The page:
Faced with an unprecedented challenge to the legitimacy of the latest appointment to Supreme Court, Justice Minister Peter MacKay is rewriting the law that governs such choices.
At the same time, Mr MacKay says he is also asking the country’s highest court to determine whether the appointment of Justice Marc Nadon is legal under the Supreme Court Act.
Justice Nadon was chosen from the Federal Court of Appeal, and the law is unclear on whether judges from that court qualify for the Supreme Court. He was sworn in last month, but stepped aside before hearing a case because of a legal challenge. Toronto lawyer Rocco Galati argues that, under the Supreme Court Act, a judge from the Federal Court’s trial or appeal divisions is not eligible to be on the top court.
Quebec announced it intends to challenge the appointment, too, because Judge Nadon has not lived in the province for several years.
The court has been hearing cases this fall with eight judges rather than the full complement of nine. That opens the possibility of a tie.
The situation could continue for several months, or perhaps more than a year. Meanwhile, the court has just two judges in action from Quebec, one less than the minimum number guaranteed in the Supreme Court Act.
Mr. MacKay’s request that the court determine if the appointment is permitted is an attempt to speed matters. He also will add “declaratory provisions” to the Supreme Court Act to say expressly that any lawyer with 10 years standing at the bar of their province, and specifically Quebec, is eligible for appointment to the Supreme Court. The new wording is in a budget implementation bill tabled in the House on Tuesday.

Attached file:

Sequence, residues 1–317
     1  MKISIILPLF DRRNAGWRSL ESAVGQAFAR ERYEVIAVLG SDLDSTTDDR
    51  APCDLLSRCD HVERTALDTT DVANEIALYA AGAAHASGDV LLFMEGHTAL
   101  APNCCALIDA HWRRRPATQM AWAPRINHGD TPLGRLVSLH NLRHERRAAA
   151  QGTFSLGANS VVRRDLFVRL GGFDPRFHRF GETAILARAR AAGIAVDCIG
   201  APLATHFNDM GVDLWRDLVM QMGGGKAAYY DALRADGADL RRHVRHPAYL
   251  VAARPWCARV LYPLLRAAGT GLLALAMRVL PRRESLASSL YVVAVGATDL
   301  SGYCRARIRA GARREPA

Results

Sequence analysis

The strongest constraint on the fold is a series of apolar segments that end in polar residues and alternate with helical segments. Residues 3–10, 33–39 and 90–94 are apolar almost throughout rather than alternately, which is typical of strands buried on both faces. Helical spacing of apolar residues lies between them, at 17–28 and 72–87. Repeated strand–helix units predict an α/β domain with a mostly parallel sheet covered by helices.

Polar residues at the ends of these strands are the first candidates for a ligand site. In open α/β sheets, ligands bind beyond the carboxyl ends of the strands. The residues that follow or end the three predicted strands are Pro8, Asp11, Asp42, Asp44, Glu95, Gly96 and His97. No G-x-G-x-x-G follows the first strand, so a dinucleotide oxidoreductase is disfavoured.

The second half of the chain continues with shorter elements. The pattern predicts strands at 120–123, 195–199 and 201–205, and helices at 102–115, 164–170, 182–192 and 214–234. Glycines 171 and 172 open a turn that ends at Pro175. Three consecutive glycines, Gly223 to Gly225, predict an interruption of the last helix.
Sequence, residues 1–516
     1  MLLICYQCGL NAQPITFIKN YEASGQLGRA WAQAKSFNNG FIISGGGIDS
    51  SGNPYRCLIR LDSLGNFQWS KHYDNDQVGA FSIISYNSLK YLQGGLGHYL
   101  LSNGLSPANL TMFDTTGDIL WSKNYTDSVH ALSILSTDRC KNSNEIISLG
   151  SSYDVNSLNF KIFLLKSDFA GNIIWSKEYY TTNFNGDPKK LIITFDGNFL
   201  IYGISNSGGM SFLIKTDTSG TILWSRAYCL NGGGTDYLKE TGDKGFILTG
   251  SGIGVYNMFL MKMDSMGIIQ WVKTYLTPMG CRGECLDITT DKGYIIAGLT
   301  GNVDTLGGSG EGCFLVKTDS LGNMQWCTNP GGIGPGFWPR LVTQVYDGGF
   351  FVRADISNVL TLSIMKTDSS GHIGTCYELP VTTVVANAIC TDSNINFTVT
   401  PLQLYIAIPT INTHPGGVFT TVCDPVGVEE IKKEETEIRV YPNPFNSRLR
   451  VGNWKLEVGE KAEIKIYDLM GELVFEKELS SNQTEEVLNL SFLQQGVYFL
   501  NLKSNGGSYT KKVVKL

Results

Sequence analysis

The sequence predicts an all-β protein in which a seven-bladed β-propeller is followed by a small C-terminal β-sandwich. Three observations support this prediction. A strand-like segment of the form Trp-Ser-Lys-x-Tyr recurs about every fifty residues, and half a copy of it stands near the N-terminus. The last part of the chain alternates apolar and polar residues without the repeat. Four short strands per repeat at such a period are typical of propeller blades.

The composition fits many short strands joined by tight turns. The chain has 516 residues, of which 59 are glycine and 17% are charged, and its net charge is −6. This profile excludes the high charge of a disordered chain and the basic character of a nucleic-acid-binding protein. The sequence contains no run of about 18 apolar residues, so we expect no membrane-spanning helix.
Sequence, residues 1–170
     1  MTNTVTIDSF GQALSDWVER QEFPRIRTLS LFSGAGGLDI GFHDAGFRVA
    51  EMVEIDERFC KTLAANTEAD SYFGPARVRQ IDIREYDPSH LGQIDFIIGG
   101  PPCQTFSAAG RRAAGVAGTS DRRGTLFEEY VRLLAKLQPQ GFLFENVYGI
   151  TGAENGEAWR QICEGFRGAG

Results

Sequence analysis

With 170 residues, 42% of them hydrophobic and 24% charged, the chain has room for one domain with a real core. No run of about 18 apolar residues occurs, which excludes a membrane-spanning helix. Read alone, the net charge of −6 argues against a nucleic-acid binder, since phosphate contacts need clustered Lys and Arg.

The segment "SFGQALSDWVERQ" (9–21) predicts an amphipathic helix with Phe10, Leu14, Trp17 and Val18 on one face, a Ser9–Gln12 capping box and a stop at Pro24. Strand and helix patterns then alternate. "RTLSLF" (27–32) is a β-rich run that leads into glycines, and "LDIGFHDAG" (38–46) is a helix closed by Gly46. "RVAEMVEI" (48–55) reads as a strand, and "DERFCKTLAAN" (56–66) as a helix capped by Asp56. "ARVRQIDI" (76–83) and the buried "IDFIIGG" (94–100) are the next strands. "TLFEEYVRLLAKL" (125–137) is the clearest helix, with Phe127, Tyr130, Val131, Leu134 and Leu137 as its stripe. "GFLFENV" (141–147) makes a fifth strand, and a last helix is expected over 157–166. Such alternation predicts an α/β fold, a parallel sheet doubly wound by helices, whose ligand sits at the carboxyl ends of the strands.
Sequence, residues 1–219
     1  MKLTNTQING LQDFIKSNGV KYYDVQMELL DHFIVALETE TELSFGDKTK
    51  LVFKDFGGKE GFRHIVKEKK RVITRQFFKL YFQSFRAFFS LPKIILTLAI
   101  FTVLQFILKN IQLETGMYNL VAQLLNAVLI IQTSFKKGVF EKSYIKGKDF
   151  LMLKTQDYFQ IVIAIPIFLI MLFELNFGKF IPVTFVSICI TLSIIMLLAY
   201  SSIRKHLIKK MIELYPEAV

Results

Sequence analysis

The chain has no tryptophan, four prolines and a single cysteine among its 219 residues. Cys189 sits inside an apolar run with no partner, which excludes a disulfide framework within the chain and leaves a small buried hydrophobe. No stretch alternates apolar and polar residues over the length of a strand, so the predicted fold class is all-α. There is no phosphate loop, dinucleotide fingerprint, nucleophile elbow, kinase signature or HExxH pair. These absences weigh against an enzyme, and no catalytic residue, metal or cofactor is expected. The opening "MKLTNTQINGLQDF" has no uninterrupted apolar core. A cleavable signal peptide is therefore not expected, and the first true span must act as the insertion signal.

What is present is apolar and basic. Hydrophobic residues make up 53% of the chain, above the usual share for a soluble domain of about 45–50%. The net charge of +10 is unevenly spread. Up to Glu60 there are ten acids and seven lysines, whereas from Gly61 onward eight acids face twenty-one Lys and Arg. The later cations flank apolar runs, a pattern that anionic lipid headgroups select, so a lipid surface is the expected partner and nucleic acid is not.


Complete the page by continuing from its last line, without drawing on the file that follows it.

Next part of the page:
“Our government will defend the eligibility of long-standing members of the bar in all provinces and territories to sit on the highest court in Canada,” Mr. MacKay said. He did not indicate precisely what question or questions he will ask the Supreme Court.
Adam Dodek, a constitutional expert at the University of Ottawa, said once the new wording becomes law, Justice Nadon could decide to hear cases immediately. But he said he is surprised because “usually you seek a reference [to the Supreme Court] in advance of legislative action, not at the same time.”
Osgoode Hall law professor Jamie Cameron called it “unseemly for the government to amend the legislation, apparently, to influence the court’s decision.”
Mr. Galati called the new wording a “cynical end-run around the rule of law. The fact that they’re amending it now just confirms my reading that they couldn’t appoint Federal Court judges before.”
He also said the government needs to ask the court whether a constitutional amendment is necessary, which is much harder to achieve. He said the Constitution Act requires an amendment when a change is made to the Supreme Court’s composition. If that question is not put to the Supreme Court, he said he will continue his challenge of the appointment in Federal Court.
The Supreme Court seems virtually certain to agree to hear the reference case, and the government could ask the court to expedite the hearing. In 2008, the court granted leave to appeal in a case involving BCE Inc. on June 2, heard the case on June 17 and decided it on June 20.
Emmett Macfarlane, a political scientist at the University of Waterloo, said the new wording for the Supreme Court Act is meant to tell the court “that this is Parliament’s interpretation” of the law.
He called the controversy over the appointment of Justice Nadon “completely avoidable,” and said the government clearly anticipated it, as shown when it asked retired Supreme Court judges Ian Binnie and Louise Charron, and constitutional scholar Peter Hogg, for an opinion on the appointment of judges from the Federal Court to the Supreme Court. All agreed the Supreme Court Act permits it. “They could have waited, and amended the Supreme Court Act,” before making the appointment, Prof. Macfarlane said.
Three judges, including current Justice Marshall Rothstein, were previously appointed from the Federal Court of Appeal.